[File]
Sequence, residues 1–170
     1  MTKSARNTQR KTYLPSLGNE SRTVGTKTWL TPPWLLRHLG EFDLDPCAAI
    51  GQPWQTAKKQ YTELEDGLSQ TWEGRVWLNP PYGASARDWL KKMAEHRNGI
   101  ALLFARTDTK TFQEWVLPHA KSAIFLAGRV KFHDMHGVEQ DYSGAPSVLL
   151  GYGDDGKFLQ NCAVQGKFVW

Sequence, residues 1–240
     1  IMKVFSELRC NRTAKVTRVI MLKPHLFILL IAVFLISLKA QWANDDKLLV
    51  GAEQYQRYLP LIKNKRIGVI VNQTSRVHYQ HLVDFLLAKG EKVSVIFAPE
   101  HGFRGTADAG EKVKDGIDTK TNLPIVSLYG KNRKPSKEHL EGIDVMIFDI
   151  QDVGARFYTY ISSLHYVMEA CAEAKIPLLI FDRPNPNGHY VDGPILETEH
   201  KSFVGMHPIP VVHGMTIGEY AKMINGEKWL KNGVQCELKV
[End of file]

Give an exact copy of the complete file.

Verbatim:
Sequence, residues 1–170
     1  MTKSARNTQR KTYLPSLGNE SRTVGTKTWL TPPWLLRHLG EFDLDPCAAI
    51  GQPWQTAKKQ YTELEDGLSQ TWEGRVWLNP PYGASARDWL KKMAEHRNGI
   101  ALLFARTDTK TFQEWVLPHA KSAIFLAGRV KFHDMHGVEQ DYSGAPSVLL
   151  GYGDDGKFLQ NCAVQGKFVW

Sequence, residues 1–240
     1  IMKVFSELRC NRTAKVTRVI MLKPHLFILL IAVFLISLKA QWANDDKLLV
    51  GAEQYQRYLP LIKNKRIGVI VNQTSRVHYQ HLVDFLLAKG EKVSVIFAPE
   101  HGFRGTADAG EKVKDGIDTK TNLPIVSLYG KNRKPSKEHL EGIDVMIFDI
   151  QDVGARFYTY ISSLHYVMEA CAEAKIPLLI FDRPNPNGHY VDGPILETEH
   201  KSFVGMHPIP VVHGMTIGEY AKMINGEKWL KNGVQCELKV